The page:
Pesticides Dirty Little Secret
LIKE SO MANY OF YOU GRANOLA GIRLS OUT THERE, for years, I have embraced and celebrated organic foods. You are what you eat, right? Well, it wasn’t until my first little one was on the way that I really started tuning into non-food based exposure to chemicals and pesticides. As mamas, protecting our little ones from chemical exposure really boils down to two factors; what goes in them, and what goes on them. I knew that I was going to nurse exclusively, and that I attempt to do my best in the food department; eating a mostly well-balanced, organic diet. But what about what was going to go on my baby? In prepping for babies arrival, I started to dig deeper into how items that my baby was going to use were made. It is my firm belief that when you know better, you do better. Agreed? Good.
So, let’s get started by learning a few new words together. Now repeat after me, Aldicarb…..Parathion…..Methamidophos….Acephate….Malathion… No, I am not reading the ingredient label of Pop Rocks candy (although it may not be all together different), I am reading to you a list of the 5 most prevalent pesticides used in cotton farming – three of which the World Health Organization has deemed “Extremely Hazardous or Highly Hazardous”. Let’s continue.
When it comes to pesticides, children are among the most vulnerable. Infants in particular face unique exposure to dangerous chemicals because of how they interact with the world. They crawl on the ground and put things in their mouths. This would include, but certainly not be limited to, their hands, clothing, bedding, toys and pre-chewed gum found at the park (Was that only my kid?). Okay, continuing. PANNA.org sites that, “Pound for pound, they (infants and children) drink two and one-half times more water, eat three to four times more food, and breathe two times more air than adults. Therefore they absorb a higher concentration of pesticides than adults.”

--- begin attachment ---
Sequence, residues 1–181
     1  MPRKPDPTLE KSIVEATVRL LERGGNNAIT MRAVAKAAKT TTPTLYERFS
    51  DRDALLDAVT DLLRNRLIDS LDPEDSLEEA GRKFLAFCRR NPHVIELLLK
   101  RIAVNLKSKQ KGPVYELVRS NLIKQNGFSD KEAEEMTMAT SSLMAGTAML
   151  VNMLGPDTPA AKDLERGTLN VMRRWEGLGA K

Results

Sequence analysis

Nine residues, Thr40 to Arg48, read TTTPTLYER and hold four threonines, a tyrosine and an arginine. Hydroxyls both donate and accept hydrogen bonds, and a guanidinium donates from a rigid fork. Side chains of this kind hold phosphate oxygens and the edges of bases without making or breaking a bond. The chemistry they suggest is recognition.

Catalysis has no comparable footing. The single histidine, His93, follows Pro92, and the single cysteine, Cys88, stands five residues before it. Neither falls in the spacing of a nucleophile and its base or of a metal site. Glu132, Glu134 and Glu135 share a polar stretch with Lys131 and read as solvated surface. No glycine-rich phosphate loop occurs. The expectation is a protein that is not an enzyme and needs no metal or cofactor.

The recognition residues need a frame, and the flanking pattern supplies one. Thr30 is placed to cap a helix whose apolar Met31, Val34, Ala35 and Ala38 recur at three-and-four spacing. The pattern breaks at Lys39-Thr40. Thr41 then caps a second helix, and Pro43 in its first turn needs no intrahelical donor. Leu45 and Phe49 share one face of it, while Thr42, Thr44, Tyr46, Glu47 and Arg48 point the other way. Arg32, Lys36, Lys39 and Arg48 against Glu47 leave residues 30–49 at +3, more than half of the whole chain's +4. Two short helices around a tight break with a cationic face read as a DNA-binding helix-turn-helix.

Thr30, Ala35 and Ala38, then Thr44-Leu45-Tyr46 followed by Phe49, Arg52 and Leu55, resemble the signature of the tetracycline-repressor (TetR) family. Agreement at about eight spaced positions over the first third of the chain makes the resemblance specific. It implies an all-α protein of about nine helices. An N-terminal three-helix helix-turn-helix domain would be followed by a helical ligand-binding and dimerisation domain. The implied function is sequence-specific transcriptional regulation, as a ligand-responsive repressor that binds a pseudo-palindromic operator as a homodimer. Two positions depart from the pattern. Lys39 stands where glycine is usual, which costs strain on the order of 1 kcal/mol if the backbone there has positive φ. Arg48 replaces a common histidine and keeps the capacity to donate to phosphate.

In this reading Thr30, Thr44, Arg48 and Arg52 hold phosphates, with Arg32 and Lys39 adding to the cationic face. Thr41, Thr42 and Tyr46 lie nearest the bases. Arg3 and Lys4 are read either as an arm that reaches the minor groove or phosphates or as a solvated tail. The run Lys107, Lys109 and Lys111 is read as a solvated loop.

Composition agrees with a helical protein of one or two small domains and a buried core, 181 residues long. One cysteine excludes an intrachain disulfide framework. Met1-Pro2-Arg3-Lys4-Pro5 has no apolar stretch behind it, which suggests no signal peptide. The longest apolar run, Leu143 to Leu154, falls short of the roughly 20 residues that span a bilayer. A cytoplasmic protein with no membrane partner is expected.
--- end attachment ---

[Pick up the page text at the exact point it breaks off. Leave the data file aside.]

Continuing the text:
Additionally, because they are growing so rapidly, infants are more susceptible to the effects of pesticide exposure than adults. From birth until early childhood and beyond, our little ones’ developing brains and bodies are in the midst of complex and fragile developmental processes. As noted by The Environmental Justice Foundation (2007), many developmental processes can be irreversibly derailed by pesticide exposure.
EJF research (2007), indicates that children exposed to pesticides either in utero or during other critical periods, face significant health risks including higher incidence of:
Neurodevelopmental delays & cognitive impairment
Childhood brain cancers
Autism Spectrum Disorders (ASD)
Attention-Deficit/Hyperactivity Disorder (AD/HD)
In looking into products that were available for my little one, I realized that most of them were made primarily from cotton. Taking this fact into consideration, I decided that cotton was the textile that I needed to focus my attention on. Here’s what I’ve learned:
Conventionally grown cotton occupies only 3% of the world's farmland, but uses 25% of the world's chemical pesticides (HAE Now, 3013). Yes, cotton is considered the world's dirtiest crop due to its heavy use of pesticides. It’s terrifying to think that Aldicarb, cotton's second most used insecticide, is lethal to both humans and animals. A single drop of this pesticide, absorbed through the skin can kill an adult. Aldicarb is commonly used in cotton production in 25 countries world wide, including the U.S.
Moreover, many of the top 10 most commonly used pesticides in cotton farming, particularly those that are petroleum based, can be found in clothing, EVEN AFTER WASHING! In all honesty, I was horrified by all of the information that I was finding, regarding the dangers of conventionally grown cotton. The more I read and the more I learned, the more I was ready to just crank up the heat in my home and let my little one lay around in the buff. They’d be safer, and cute. I promise though, none of this is at all intended to scare you into creating a nudist colony. Remember, when you know better, you do better. Take a big deep breath. I promise good news is on the way.